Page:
While there have not been a large number of payments made to date under Bermuda puni-wrap policies, there is equally no evidence to indicate that a Bermuda-based insurer has been unable to indemnify an insured for punitive damages due to some regulatory or legal prohibition. Nevertheless, given this lack of precedent and the recent heightened regulatory scrutiny of the insurance industry, policyholders and carriers alike have looked to alternative ways to insure against the runaway punitive damages verdict.
The Most Favorable Venue Endorsement
The most favorable venue (MFV) endorsement, touted by domestic carriers as an alternative to a puni-wrap policy, has become a popular coverage enhancement intended to require the contracting parties to apply the law of the jurisdiction most favorable for purposes of determining the insurability of punitive damages.
Domestic carriers have been largely successful in securing regulatory approval of such endorsements and offer them in an attempt to compete for business from insureds otherwise forced to go off-shore to secure affirmative punitive damages coverage. The question often raised about these endorsements is: Can two parties, otherwise subject to the laws and regulations of the U.S., contract to apply the law of a specific jurisdiction simply for purposes of avoiding the prohibition against the insurability of such damages by whichever court they find themselves in?
Whatever the answer, as with the puni-wrap alternative discussed above, perhaps the true value of the MFV endorsement lies in its ability to create an alignment of interests between an insured and an insurer in the defense of a case where such alignment would otherwise not exist absent an insurer’s exposure to punitive damages.
While different insurers take different approaches to this endorsement and offer differing language, generally speaking the endorsements include language, such as,
The definition of a claim includes punitive and exemplary damages, and the enforceability of this provision shall be governed by such applicable law that most favors coverage for such punitive or exemplary damages.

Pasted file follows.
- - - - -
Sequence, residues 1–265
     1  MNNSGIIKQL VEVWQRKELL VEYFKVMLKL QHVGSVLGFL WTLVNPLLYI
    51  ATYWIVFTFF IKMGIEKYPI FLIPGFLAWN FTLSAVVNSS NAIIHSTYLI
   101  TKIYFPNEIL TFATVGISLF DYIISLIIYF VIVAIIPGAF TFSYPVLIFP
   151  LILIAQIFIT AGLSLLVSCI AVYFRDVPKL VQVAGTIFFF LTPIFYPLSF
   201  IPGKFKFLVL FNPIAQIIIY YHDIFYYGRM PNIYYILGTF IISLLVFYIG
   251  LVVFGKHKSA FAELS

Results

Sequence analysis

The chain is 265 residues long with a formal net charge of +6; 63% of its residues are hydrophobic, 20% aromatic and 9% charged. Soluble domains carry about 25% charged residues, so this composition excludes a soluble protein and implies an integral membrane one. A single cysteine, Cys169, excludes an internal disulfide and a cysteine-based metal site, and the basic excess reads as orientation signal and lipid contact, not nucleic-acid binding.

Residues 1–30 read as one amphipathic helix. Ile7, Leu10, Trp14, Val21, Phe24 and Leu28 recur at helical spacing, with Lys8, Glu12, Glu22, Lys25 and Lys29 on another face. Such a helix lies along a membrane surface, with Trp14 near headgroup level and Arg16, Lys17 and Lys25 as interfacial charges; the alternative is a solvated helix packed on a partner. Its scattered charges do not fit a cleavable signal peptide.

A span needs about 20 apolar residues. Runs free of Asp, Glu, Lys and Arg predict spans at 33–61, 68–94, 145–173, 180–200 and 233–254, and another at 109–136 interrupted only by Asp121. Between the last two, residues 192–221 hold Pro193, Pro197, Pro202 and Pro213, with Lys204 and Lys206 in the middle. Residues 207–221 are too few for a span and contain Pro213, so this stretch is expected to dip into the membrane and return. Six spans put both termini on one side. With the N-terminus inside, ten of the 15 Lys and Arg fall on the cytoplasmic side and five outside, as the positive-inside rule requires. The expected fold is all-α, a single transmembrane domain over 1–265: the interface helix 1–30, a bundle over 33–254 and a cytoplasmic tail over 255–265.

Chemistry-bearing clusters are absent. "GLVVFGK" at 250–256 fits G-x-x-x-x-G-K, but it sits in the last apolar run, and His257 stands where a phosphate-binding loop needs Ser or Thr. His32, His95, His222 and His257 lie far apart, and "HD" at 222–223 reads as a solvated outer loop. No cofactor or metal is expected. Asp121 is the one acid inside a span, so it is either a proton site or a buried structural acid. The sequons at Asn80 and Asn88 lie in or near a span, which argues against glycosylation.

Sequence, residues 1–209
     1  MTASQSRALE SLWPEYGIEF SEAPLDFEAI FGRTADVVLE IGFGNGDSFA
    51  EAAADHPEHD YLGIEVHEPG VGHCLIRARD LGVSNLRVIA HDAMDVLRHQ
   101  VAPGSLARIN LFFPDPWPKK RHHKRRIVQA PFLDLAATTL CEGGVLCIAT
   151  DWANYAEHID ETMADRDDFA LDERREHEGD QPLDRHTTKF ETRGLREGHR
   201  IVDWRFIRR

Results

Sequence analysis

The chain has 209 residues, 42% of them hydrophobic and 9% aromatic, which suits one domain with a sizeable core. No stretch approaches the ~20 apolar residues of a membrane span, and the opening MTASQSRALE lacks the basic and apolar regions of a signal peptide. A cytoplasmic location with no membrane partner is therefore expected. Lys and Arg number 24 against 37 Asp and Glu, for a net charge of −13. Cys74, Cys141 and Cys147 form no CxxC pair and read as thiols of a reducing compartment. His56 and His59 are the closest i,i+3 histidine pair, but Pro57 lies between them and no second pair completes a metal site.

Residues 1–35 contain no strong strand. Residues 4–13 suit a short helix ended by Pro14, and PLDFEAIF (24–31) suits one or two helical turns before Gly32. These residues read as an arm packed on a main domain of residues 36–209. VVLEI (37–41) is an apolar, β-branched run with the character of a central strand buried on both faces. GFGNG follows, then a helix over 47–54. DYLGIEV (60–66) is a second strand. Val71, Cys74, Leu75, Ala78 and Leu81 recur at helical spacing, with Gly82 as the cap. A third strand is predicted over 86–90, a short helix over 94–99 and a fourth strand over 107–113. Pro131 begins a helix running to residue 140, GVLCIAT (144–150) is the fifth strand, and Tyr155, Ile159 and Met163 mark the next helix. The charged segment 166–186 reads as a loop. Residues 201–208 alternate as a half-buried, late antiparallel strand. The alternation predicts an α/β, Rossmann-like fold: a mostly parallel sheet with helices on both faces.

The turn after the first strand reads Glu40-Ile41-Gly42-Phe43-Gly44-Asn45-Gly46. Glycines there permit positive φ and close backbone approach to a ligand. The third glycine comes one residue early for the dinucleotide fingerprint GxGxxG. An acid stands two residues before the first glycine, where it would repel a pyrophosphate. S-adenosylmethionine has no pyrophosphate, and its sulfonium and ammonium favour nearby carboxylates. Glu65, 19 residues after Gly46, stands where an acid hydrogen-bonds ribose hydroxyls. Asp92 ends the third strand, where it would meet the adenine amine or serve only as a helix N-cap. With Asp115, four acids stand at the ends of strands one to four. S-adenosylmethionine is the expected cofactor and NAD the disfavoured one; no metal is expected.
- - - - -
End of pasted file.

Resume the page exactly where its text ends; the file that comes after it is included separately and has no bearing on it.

The cost for this endorsement can vary depending on the risk, operating locations and the insurer’s view of the punitive exposure specific to a particular insured.
While the endorsement demonstrates a legitimate intent by insurers to provide relative contract certainty as to coverage for punitive damages, the question remains: What is meant by “the laws of any jurisdiction that is most favorable to the insurability of such damages”? While regulators have approved it, the endorsement has yet to meet much heightened scrutiny by the courts and therefore remains a bit of a mystery as to whether (and how) it will actually work.
As brokers and consultants to our risk management clients, we are tasked with assessing risk and finding viable insurance solutions for them. While the likelihood of being hit with a punitive damages payment, which cannot be appealed away or reduced, is very small, the risk remains. Indeed, absent explicit punitive damage coverage, the policyholder has an inherent and identifiable gap in coverage.
Moreover, there is undoubtedly value in securing alignment of interests between insured and insurer in the defense and outcome of litigation. To those risk managers who ask is there value in purchasing a “puni-wrap” policy? we say simply, in the unlikely but possible event your company gets hit with a punitive damages verdict not otherwise insurable, we would not want to be in the shoes of the one advising the board that “well…we have a $20M verdict against us for which we’re not insured.”
If I’m a board member, the first question that comes to mind is, “Could we have been? Is there insurance for such a thing?” The answer is yes, and the ramifications of such a situation would likely be uncomfortable for the messenger.
Guest blogger Robert Nils Lane is Executive Vice President and Global Practice Leader, for Willis Towers Watson Resolutions. A 20-plus year legal and industry veteran, Rob guides Fortune 1000 companies through the challenges of insuring the toughest, most complex, and highly specialized risks.